‘Ginger and Rosa’ could be described as a coming of age story in more than one sense. It subtly portrays the emergence into adulthood of two young girls against the backdrop of a newly arrived atomic era. Ginger and Rosa (Elle Fanning and Alice Englert) are both born on the same day, perhaps at the exact moment, that the Americans drop the bomb on Nagasaki. Much of their lives are to be spent in the shadow of that cataclysmic event and the decades of anxiety and brinkmanship that follow.
The young ladies are almost supernaturally close, sisters in all but genetics. Their mothers give birth to them whilst lying next to each other and the girls grow up sharing the same fashions, tastes and secrets. Their nascent interest in boys coincides with the start of the 1960s, a time of increased sexual freedom; although of the pair it is Rosa who is the more promiscuous. Whilst Rosa is spiritual and hopes for a love to replace that denied to her by her father’s absence, Ginger lives in constant fear of an imminent Armageddon.
They attend a ban the bomb meeting together and Ginger grows more interested in protesting, egged on by her mother’s group of eccentric, politically conscious chums. Meanwhile, Rosa’s interest in fighting causes soon begins to wane. She becomes close to Ginger’s errant father Roland (Alessandro Nivola), somewhat complicating their friendship. Roland still suffers from the trauma of imprisonment as a conscientious objector during the war. His nihilistic attitude is coupled with a moral laxity which he regards as being part of his personal rebellion.
Roland’s interest in Rosa becomes less than fatherly and when the girls are invited onto his boat for the evening subsequent events threaten to shatter the bond between them. As if that was not bad enough, the discovery of Soviet missiles in Cuba looks set to transform Ginger’s worst fears into reality.
‘Ginger and Rosa’ is written and directed by Sally Potter, who is something of a cultural all-rounder. Her career has encompassed theatre, opera and dance as well as several acclaimed films. In 2004 she directed ‘Yes’ a film where the script was written entirely in iambic pentameter. It is fair to say that Potter’s output veers towards the artier side of cinema. The most successful component of ‘Ginger and Rosa’ is the overall look of the film. From the opening footage of the Nagasaki explosion, Potter ensures that the bomb casts a long shadow, not just over the lives of the characters, but on the visual aspects of the movie.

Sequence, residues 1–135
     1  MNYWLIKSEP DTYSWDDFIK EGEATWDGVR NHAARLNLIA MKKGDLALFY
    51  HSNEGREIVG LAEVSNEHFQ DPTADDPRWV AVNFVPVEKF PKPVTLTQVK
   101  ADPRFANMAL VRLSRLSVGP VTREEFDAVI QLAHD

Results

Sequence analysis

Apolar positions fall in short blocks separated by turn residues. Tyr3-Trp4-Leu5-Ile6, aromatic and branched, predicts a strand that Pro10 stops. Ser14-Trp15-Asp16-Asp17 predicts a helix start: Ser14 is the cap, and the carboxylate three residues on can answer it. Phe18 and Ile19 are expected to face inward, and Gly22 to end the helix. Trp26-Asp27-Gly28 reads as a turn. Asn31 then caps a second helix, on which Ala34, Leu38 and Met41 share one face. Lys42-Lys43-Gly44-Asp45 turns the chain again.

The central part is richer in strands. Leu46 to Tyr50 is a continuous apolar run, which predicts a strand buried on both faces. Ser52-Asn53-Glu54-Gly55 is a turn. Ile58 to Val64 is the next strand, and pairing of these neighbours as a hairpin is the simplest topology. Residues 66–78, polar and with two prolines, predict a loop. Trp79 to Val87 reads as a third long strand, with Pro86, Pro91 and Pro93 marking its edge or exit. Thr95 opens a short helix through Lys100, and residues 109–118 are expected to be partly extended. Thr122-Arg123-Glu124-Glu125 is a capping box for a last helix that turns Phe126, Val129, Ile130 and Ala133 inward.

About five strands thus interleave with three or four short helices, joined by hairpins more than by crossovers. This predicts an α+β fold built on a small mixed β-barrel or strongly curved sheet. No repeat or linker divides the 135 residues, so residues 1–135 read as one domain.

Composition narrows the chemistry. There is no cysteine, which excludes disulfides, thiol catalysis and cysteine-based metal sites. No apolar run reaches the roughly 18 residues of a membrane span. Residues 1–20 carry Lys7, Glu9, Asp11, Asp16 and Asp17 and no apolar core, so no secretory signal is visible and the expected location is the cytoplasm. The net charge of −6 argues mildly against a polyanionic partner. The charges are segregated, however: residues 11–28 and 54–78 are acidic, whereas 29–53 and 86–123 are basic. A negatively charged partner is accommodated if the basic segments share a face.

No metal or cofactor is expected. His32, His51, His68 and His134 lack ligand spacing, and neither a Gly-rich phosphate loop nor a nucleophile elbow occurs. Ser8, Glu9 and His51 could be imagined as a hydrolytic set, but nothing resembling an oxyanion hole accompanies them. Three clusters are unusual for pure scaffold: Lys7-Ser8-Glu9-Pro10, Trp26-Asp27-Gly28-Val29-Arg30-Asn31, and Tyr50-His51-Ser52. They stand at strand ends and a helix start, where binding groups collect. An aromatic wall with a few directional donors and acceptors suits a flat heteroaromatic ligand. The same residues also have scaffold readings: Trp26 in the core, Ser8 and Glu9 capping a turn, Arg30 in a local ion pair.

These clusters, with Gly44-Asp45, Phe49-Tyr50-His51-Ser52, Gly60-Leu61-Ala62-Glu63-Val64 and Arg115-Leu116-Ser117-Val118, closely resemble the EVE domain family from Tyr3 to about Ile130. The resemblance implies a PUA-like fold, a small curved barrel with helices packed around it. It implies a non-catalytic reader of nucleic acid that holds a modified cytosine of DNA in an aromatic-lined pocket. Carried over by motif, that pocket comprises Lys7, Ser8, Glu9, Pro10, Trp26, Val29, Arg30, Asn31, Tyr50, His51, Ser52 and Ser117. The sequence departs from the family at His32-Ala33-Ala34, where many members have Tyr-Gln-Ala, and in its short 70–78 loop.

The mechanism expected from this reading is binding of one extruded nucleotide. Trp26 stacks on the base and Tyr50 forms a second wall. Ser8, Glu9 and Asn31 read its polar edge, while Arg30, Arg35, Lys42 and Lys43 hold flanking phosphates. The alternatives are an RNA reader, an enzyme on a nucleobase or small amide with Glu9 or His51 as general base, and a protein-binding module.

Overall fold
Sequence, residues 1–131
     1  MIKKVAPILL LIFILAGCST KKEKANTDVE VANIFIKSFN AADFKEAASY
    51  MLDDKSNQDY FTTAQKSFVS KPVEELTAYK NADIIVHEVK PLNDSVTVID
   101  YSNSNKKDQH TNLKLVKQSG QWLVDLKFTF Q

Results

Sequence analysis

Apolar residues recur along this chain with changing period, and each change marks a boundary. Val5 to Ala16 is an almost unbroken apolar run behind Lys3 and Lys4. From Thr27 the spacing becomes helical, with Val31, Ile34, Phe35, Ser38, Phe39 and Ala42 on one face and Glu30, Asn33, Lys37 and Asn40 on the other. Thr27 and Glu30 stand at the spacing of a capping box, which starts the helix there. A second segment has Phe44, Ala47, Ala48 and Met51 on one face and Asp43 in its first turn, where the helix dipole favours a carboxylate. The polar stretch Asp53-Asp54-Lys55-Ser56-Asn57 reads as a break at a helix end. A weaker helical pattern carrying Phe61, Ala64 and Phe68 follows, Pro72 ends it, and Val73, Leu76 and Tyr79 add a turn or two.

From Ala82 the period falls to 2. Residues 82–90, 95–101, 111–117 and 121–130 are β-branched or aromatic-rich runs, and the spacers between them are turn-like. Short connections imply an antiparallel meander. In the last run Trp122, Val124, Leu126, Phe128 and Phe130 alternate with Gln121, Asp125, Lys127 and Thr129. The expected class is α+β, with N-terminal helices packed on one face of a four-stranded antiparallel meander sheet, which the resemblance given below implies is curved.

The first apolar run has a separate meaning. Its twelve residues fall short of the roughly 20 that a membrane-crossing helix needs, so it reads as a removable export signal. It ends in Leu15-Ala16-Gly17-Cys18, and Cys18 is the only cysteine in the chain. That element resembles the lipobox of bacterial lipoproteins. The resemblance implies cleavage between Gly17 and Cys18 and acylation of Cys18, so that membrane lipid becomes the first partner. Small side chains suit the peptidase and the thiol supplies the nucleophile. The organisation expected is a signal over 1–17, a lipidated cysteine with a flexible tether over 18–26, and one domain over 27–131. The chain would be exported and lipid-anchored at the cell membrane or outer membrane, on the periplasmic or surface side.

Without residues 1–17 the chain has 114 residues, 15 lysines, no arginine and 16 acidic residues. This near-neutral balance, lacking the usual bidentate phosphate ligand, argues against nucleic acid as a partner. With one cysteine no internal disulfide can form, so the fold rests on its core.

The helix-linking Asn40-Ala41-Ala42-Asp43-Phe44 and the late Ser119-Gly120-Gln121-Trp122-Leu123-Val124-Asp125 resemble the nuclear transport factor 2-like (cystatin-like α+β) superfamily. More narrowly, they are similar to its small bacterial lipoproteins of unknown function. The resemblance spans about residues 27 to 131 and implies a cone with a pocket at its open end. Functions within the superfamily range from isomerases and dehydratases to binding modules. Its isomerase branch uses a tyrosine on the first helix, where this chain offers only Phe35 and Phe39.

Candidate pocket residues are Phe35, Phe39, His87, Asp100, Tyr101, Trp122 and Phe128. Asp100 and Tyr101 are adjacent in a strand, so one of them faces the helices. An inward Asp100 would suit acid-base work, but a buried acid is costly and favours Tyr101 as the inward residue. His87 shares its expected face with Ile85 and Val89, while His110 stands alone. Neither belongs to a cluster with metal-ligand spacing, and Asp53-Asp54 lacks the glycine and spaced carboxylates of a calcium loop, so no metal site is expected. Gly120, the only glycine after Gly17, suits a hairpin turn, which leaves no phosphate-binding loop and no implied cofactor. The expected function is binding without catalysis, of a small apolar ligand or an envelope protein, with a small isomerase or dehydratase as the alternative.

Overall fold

The skies are shown as being bright and featureless as if they are reflecting an atomic blast. The girls hang out in a run-down playground with a post-apocalyptic feel to it. Even the gorgeous ruddy locks that give Ginger her nickname flow from her head like a stream of burning flames. Much credit should go to the cinematographer Robbie Ryan who also brought a distinctive feel to the Andrea Arnold films ‘Red Road’ and ‘Fish Tank.’
Potter's script effectively recreates a period of political and sexual awakening, of anger at broken post-war promises and of hopes replaced with fears. There is an autobiographical note to the film as Potter herself grew up in a similarly liberalcultural milieu as Rosa – her father was a poet and an architect. She has also claimed to have shared the same worries about an impending doomsday.
The film’s historical setting is more novel than the actual storyline. Only last year, the movie ‘Albatross’ also dealt with a youthful female friendship potentially destroyed by paternal intervention. Some of the more intriguing characters in ‘Ginger and Rosa’ tend to pop up for all too brief amounts of time. One would have loved to know more about the gay couple played by Oliver Platt and Timothy Spall who, sharing the same forename, are amusingly referred to as ‘Mark 1’ and ‘Mark 2.’
Sally Potter has attracted a sterling cast but then she is rather highly regarded by the acting community. Elle Fanning and Alice Englert are both exemplary as the title characters. Ms Englert – the daughter of the noted director Jane Campion- makes her feature debut although there are no signs of inexperience, quite the opposite in fact. Best of all is Christina Hendricks as Natalie, Ginger’s mother. Natalie is a woman of ravishing beauty, not to mention her musical talents, who is somewhat imprisoned by her domestic environment.
For Hendricks this is a case of second time around with the Cuban Missile Crisis, having already been through it as Joan Harris in ‘Mad Men.’ For some actors it proves difficult to break away from a successful TV series and make it on the big screen. On this evidence, Hendricks certainly seems to have the ability – her English accent is spot on – and the presence to do so.
Anything directed by Sally Potter is worth a watch and not just because she is a remarkable female director working in what is still a male dominated profession. ‘Ginger and Rosa’ is slow moving but often quite stunning. Despite its potentially explosive subject matter it generally avoids the temptation for high drama until the closing scenes, preferring a quieter approach. If nothing else it tackles an era and a point of view that are not often allowed screen time.
Alan Diment takes a look at this new coming of age drama from director Sally Potter...